Beware of Hackers Controlling Your Automobile

May 18, 2010 by John Messina report
GMC's Yukon hybrid, control software logic analyzes hundreds of inputs every 10 milliseconds, including vehicle load, engine operations, battery parameters, and the temperatures in the high-voltage electric components. Credit: GMC

(PhysOrg.com) -- A team of researchers led by Professor Stefan Savage from the University of California, San Diego and Tadayoshi Kohno from the University of Washington set out to see what it would take to control an automobile’s electronic control units (ECUs); what they found out may surprise you.

The researchers focused their attacks of the automobile’s ECUs which are located all over a vehicle and control the workings of many car components. The hackers created software called ‘CarShark’ to monitor communications between the ECUs and used fake packets of data to carry out the attack.

Access to the automobile’s was done through the computer’s access port that is standard among cars and used by mechanics to diagnose car’s performance before servicing.

The researchers launched a series of attacks against the automobile’s ECUs in a moving and stationary vehicle to determine how much control they could have on the car.

The researchers stated; "We are able to forcibly and completely disengage the brakes while driving, making it difficult for the driver to stop. Conversely, we are able to forcibly activate the brakes, forcing the driver forward and causing the car to stop suddenly."

The researchers found that practically every system in the car, such as brakes, light, engine, cooling, instrument panel, radio, and door locks, were vulnerable to attack.

The conclusion the team came to is that the vehicle’s software was “fragile” and easy to sabotage. In some cases simply sending imperfect packets of data, rather than specific control code, was enough for triggering a response from the vehicle.

Hacking into an automobile’s computer system is nothing new and has been happening since car computers systems have appeared. Typically hacking into a vehicle’s wireless key system or a ’s ECUs to boost has been happening for years.

As technology advances in automobiles, the risk grows greater that hackers will one day develop a means of getting into a vehicle’s control system remotely that will cause serious safety concerns.

Explore further: Mapping drone prompts China to scramble fighter jets: report

More information: Experimental Security Analysis of a Modern Automobile

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jimbo92107
5 / 5 (1) May 18, 2010
"...what they found out may surprise you."

Really? It should surprise me that hackers with unfettered access to a car's computer modules should be able to screw up the car's operation? I could do worse with a bucket of sand and a pound of sugar.

If this article argues for anything, it's better locks. Meanwhile, don't create a traffic system that depends on centralized radio control. Now, if a hacker could generate bogus GPS signals, that would cause some serious havoc...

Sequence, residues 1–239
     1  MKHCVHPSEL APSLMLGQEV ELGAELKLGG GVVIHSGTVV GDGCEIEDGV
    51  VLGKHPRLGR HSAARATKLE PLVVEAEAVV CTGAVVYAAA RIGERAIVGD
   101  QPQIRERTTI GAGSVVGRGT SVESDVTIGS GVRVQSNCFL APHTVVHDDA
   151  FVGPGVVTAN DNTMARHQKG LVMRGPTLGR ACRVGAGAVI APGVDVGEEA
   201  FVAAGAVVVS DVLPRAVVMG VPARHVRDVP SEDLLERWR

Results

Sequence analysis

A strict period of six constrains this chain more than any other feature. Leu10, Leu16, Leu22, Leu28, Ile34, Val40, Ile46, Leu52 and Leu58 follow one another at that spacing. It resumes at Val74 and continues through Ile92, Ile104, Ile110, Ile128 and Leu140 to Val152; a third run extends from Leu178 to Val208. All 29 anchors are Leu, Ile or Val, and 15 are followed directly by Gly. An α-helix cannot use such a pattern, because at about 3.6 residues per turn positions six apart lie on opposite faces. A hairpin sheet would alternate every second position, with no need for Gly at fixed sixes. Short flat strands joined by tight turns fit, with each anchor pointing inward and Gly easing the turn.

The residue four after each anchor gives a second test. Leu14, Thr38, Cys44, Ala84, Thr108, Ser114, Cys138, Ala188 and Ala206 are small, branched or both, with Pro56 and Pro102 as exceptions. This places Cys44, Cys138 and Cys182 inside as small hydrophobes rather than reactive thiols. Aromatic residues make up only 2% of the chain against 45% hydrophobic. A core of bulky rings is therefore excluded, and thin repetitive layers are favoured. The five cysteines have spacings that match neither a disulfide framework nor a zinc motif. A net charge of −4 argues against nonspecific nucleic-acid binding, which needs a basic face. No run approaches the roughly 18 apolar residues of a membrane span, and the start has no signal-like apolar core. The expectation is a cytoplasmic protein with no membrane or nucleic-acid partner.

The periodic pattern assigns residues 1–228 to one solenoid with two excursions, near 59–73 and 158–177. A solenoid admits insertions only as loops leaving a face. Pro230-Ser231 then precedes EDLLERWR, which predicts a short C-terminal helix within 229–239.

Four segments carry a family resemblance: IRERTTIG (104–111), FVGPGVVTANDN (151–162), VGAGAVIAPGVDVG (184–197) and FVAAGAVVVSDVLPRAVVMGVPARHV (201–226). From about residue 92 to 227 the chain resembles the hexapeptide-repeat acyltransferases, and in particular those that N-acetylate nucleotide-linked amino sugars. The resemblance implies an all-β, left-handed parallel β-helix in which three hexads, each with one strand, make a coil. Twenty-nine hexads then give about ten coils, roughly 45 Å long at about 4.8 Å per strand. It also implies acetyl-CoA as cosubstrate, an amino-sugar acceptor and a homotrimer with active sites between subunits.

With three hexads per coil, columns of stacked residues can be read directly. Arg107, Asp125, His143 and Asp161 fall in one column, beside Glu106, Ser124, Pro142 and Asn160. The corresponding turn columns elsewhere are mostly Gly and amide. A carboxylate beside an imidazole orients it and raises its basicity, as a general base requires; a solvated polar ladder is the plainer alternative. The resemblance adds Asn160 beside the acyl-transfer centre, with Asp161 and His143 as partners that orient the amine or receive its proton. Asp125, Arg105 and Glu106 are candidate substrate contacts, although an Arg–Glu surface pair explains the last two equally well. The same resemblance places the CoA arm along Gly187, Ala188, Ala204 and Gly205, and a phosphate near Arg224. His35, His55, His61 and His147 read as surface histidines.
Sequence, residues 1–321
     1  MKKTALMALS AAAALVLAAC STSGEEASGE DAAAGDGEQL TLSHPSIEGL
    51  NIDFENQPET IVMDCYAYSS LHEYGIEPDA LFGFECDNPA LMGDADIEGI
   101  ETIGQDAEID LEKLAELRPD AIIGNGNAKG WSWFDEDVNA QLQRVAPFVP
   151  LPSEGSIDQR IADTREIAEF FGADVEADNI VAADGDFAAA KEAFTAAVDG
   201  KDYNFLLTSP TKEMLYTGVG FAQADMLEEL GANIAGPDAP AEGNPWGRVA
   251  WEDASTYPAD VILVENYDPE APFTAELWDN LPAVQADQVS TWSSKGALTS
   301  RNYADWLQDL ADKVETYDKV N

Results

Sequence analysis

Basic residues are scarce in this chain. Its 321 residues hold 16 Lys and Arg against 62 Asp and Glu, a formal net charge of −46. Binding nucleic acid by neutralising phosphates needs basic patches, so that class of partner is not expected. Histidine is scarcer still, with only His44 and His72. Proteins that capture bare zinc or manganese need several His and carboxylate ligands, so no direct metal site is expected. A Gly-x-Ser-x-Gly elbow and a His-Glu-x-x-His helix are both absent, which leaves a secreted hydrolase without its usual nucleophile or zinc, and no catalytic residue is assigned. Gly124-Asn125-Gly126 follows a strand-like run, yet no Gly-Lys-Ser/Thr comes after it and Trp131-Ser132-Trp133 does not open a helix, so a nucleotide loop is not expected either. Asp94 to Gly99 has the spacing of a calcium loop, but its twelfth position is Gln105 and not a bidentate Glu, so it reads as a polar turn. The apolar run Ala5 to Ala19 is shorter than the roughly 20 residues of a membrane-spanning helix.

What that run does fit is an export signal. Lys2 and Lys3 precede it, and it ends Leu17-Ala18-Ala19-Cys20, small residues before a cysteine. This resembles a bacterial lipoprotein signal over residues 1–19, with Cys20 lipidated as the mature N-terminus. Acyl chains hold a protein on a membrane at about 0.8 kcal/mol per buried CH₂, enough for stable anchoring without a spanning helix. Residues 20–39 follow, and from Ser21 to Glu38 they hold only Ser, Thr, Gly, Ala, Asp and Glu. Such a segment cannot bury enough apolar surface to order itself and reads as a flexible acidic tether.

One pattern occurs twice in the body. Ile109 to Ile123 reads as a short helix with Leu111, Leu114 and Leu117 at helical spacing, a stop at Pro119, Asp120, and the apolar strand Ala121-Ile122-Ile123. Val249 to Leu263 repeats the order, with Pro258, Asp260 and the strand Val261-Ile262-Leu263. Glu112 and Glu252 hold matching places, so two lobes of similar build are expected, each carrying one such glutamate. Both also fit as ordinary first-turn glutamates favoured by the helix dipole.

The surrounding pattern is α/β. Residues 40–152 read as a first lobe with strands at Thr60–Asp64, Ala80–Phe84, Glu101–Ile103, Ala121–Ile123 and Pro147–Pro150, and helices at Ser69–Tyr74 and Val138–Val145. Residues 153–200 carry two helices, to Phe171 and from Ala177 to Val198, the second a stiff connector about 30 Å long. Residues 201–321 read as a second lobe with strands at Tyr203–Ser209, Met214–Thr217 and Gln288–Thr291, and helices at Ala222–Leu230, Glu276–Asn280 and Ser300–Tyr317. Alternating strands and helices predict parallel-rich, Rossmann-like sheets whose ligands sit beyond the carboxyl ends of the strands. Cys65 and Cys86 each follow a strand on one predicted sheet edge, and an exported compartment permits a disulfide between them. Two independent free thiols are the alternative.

theophys
not rated yet May 18, 2010
BE AFRAID!!!
FEAR!!!
NEVER DRIVE AGAIN!!!
dtxx
3 / 5 (2) May 18, 2010
I think what is supposed to be shocking is the unprecedented level of control the computer systems have over the vehicle combined with their ease of access.

Sure you could compromise the control system on say first gen ABS cars. But you'd probably need a jack and some wrenches. This is something a passenger could potentially even connect, and with wireless broadband etc., the enabling factors are now there for a real "remote control car" scenario.
gunslingor1
not rated yet May 18, 2010
haha, I'm not surprise at all.. this has been possible for years.
gwrede
3.7 / 5 (3) May 18, 2010
Hmmm. An alternative to cutting the brake tubes in your rich wife's car? Set to activate the next time she's on her way to the in-laws.
physpuppy
5 / 5 (1) May 18, 2010
Difference here is that cutting tubes or using some sugar (you can use quite a bit less than a pound to wreck havoc :-)) will leave some sort of trace that tampering has occurred. Plus you need physical access to the car.

This sort of tampering could be performed remotely and it is possible for the saboteur to cover his/her tracks - leaving the liability to the driver.
trekgeek1
not rated yet May 18, 2010
I'll be worried when they do it wireless. If they had access to your computer, they could have just cut the breaks.
plasticpower
not rated yet May 18, 2010
I know of a simpler way to sabotage brakes on a car. It's called cutting the brake line by reaching your hand around the wheel.
Skepticus
3 / 5 (2) May 18, 2010
Now the enemies of the state or corporations will have a much better chance of driving off a cliff with no brakes at full throttle...
CSharpner
not rated yet May 18, 2010
Gee, I wonder if it could make a car accelerate out of control? :)
MikeLisanke
not rated yet May 19, 2010
I wonder if it is typical to look for this type of tamper in routine accident forensics?
fossilator
5 / 5 (1) May 19, 2010
Will Symantec release an automotive antivirus? What will be the mileage hit if installed?